On 13 November 2013, the Georgian Parliament discussed amendments to be made to the Law of Georgia on Higher Education. The draft bill of the amendments was presented by Levan Izoria, Deputy Minister of Internal Affairs. He admitted the importance of developing Masters-level programmes at the Police Academy in order to guarantee high quality education which means that it is necessary for the Academy to obtain the status of a higher-educational institution. According to Izoria, the amendments will not automatically grant the Police Academy the aforementioned status although they will provide the ground to apply to the National Centre for Educational Quality Enhancement. After successfully satisfying certain requirements for authorisation, the Academy will be able to obtain the status of a higher-educational institution.
The discussion on the abovementioned issue was followed by comments from the Parliamentary Minority. One of the members of the United National Movement, Chiora Taktakishvili, declared that during the last several years the Police Academy managed to transform the Soviet-style system of the police in Georgia into a contemporary law enforcement agency serving the interests of its citizens. As for the reforms being implemented at the Ministry of Internal Affairs over the past year about which Deputy Minister Izoria was speaking, Taktakishvili stated that this only concerned creating new uniforms for the policemen as well as humiliating their dignity. In this respect, she brought up the case of Melor Vachnadze who was not charged for inflicting physical violence against a policeman. Taktakishvili addressed the Deputy Minister: “If you wanted high quality education at the Police Academy, Mr Levan [Izoria], you would not abolish competitions and academic programmes in November 2012 just a month after your government came into power.”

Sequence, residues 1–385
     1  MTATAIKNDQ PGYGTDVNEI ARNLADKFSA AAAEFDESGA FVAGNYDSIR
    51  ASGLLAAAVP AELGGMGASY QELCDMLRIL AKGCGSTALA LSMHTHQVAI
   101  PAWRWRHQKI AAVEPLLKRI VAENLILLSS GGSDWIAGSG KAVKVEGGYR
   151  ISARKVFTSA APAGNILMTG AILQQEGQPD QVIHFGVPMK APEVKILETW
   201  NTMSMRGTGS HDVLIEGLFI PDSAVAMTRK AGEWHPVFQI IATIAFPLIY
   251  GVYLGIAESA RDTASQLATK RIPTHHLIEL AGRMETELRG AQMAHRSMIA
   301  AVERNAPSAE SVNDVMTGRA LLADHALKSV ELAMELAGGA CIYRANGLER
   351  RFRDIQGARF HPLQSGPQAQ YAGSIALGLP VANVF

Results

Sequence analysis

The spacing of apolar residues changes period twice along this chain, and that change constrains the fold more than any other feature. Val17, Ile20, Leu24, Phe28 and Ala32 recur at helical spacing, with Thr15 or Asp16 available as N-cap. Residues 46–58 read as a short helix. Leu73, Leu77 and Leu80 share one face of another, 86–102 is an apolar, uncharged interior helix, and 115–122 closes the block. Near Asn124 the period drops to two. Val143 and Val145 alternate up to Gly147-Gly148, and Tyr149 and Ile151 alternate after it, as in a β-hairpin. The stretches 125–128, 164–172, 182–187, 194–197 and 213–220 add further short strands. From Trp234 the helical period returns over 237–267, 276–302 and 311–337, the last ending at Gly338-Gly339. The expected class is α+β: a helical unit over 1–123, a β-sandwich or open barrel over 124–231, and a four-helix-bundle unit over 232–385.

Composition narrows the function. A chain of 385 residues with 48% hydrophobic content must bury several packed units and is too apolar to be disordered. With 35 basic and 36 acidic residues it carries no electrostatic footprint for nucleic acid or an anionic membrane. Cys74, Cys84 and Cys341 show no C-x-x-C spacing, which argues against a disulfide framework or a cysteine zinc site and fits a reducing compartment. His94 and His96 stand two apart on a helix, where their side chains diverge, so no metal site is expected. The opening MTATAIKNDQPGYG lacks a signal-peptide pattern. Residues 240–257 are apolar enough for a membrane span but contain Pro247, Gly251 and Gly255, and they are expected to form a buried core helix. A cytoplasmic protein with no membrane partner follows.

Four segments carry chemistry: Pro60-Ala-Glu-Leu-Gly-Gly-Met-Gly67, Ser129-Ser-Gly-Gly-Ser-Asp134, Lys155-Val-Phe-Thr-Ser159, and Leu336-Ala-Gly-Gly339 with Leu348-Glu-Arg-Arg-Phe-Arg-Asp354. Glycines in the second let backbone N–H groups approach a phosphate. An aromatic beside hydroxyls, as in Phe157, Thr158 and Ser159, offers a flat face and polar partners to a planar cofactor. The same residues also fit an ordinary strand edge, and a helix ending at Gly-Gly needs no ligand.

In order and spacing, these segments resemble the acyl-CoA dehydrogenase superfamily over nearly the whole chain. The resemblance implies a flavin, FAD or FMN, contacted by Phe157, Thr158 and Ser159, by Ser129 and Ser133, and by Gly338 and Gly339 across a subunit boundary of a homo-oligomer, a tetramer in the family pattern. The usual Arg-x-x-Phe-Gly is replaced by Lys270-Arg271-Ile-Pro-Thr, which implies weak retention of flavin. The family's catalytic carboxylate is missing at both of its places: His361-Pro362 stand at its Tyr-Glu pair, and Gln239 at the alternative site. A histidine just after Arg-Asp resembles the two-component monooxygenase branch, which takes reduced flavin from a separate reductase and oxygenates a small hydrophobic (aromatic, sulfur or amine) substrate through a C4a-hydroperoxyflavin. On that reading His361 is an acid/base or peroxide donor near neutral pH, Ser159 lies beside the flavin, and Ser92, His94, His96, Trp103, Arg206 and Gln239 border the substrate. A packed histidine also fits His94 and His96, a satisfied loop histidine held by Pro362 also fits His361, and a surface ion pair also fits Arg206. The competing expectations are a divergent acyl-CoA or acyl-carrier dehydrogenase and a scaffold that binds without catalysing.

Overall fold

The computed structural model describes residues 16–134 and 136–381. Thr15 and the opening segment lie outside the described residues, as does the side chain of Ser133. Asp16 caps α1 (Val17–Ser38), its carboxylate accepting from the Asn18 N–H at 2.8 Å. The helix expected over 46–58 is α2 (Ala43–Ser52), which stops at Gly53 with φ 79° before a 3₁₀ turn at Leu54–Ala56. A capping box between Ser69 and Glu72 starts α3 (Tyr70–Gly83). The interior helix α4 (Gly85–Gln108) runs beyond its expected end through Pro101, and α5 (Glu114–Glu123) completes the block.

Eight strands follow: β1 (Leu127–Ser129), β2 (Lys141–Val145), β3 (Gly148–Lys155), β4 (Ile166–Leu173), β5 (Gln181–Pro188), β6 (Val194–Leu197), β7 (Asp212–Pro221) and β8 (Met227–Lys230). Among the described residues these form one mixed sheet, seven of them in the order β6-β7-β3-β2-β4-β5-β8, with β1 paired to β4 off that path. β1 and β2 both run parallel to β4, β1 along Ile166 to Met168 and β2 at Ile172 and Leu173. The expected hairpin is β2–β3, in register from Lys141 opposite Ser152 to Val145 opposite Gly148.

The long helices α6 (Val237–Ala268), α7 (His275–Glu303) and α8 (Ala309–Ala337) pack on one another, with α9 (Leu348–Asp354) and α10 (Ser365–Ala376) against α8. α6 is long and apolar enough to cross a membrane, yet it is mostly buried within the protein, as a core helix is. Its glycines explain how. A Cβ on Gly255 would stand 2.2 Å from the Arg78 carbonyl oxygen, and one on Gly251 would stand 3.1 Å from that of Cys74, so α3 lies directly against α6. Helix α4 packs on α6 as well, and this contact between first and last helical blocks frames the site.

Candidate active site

FactCheck took interest in the competitions and academic programmes that Chiora Taktakishvili declared to be abolished in November 2012 and decided to investigate the truthfulness of the MP’s statement.
In order to find out about which competitions and academic programmes Taktakishvili was speaking, we addressed her for clarification. During the conversation with FactCheck she mentioned that in 2012 after the new government came into power the decree of the Ministry of Internal Affairs regulating the admission process on vocational educational programmes at the Police Academy was abolished. Additionally, she highlighted that without studying within the aforementioned programmes, no candidate would be approved for any position at the Ministry of Internal Affairs. According to Taktakishvili, the Ministry abolished the decree in order to designate those candidates not having passed the abovementioned programmes. Decree No. 101 of the Minister of Internal Affairs of Georgia dated 9 February 2012 regulated the admission procedures for the vocational educational programmes at the Police Academy. According to this decree, special training programmes were established for Ministry staff and candidates to be appointed to certain positions:
- A special vocational educational programme for preparing patrol police officers
- A special vocational educational programme for preparing neighbourhood police officers
- A special vocational educational programme for preparing detectives-investigators
- A special vocational educational programme for preparing firefighters and rescuers
According to the decree, in order to be designated (positions are highlighted in the decree), candidates should have completed the appropriate training programme at the Academy. Paragraph 2 of the same decree regulated the admission procedure to the vocational educational programmes comprising the following points:
- Application review
- Organising testing and/or interviews for applicants
- Rules for conducting testing and/or interviews
- Checking applicants’ health and level of fitness
- Admission to special vocational educational programmes
- Admission of the Ministry staff to vocational educational programmes